Final destination for London’s deepest tunnel
Feb 17, 2014
A giant sewer will collect waste water currently discharging from London’s overwhelmed Victorian sewers into the River Lee. This project is part of Thames Water’s urgently needed programme to prevent tens of millions of tonnes of raw sewage entering River Thames every year. At 75 metres below ground, the four-mile long Lee Tunnel is London’s deepest and the width of three buses.
The mighty machine digging a four-mile long giant sewer the width of three double-decker buses under east London has reached its final destination. Thames Water’s tunnel boring machine "Busy Lizzie", as named by a local schoolboy after winning a competition involving hundreds of pupils across the London Borough of Newham, has been burrowing its way from Beckton to Abbey Mills since February 2012.
It reached the end of tunnelling, on time and on budget, this month after cutting through layers of chalk and flint at extreme groundwater pressures. At its peak the 120 metre long machine tunnelled through an astonishing 54 metres of London earth a day, creating the capital’s deepest tunnel.
When in full working action in 2015 the £635 million Lee Tunnel will help prevent millions of tonnes of raw sewage entering the River Lee every year when heavy rainfall overloads the Victorian sewers that London has outgrown. The tunnel will act as a storage tank before transferring the flows to Beckton sewage works, Europe’s biggest, which is being expanded by a further 60 per cent to deal with the increased volumes.
Martin Baggs, chief executive of Thames Water, said: "It is unacceptable in modern-day London to have raw sewage entering the River Lee. The completion of this tunnelling work is an important milestone within our long-term plans to improve London’s sewer system. We’re immensely proud of this project, delivered on time and on budget, to clean up the River Lee. As well as the clear environmental benefits, the project has provided jobs for both local people and engineering experts from across the world, allowing London to show it is a leader in engineering technology."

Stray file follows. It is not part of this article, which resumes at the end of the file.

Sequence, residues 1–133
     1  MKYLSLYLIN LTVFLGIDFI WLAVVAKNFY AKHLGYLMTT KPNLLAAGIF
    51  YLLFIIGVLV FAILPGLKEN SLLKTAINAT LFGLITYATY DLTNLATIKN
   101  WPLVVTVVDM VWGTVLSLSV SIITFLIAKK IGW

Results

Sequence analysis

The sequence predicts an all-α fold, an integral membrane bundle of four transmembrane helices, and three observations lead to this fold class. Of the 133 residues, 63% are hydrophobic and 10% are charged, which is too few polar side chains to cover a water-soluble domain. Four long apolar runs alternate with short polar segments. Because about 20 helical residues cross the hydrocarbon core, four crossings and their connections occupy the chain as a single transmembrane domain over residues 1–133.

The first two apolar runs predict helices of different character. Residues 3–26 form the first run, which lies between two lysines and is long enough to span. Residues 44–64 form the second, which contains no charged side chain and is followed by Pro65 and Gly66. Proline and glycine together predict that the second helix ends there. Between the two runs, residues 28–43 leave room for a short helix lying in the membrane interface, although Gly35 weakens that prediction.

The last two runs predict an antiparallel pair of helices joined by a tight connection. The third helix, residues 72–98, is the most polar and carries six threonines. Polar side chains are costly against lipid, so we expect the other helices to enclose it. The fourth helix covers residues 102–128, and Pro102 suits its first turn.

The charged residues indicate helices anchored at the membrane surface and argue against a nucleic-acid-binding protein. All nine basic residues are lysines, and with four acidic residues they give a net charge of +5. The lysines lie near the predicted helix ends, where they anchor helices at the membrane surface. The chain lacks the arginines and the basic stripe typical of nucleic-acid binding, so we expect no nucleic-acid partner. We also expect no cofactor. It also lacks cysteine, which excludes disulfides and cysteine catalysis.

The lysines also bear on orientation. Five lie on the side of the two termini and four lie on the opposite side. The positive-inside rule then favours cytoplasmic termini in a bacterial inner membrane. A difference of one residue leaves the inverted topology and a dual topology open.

London has seen its population quadruple in the last two hundred years and it urgently needs a new sewer system to cope. The Lee Tunnel is the first of two tunnels, along with the Thames Tideway Tunnel which is currently being examined by the Planning Inspectorate, designed to combat the tens of millions of tonnes of sewage that spill into the River Thames every year.
Howard Davidson, regional director of the Environment Agency, said: "By tackling sewage discharges from London’s largest combined sewer outfall at Abbey Mills pumping station, the successful completion of the Lee Tunnel will protect ecology, tackle aesthetic pollution and minimise the health risk to people using rivers in the Lower Lee. All of which can only be a good thing for both the river and its local communities."
Debbie Leach, chief executive of leading waterways charity Thames21, said: "It is fantastic news that this vital step in tackling sewage overflows into the River Lee is completed – fantastic news for the people who live by, use and appreciate the river, and for the wildlife that depends upon it. The River Lee faces many environmental challenges – and completion of the Lee Tunnel is a real reason to celebrate."
Programme management firm CH2MHill, along with tunnelling contractors MVB, (a joint venture of three leading civil engineering contractors, Morgan Sindall, VINCI Construction Grands Projets and Bachy Soletanche), completed the tunnelling work on Sunday 26 January.
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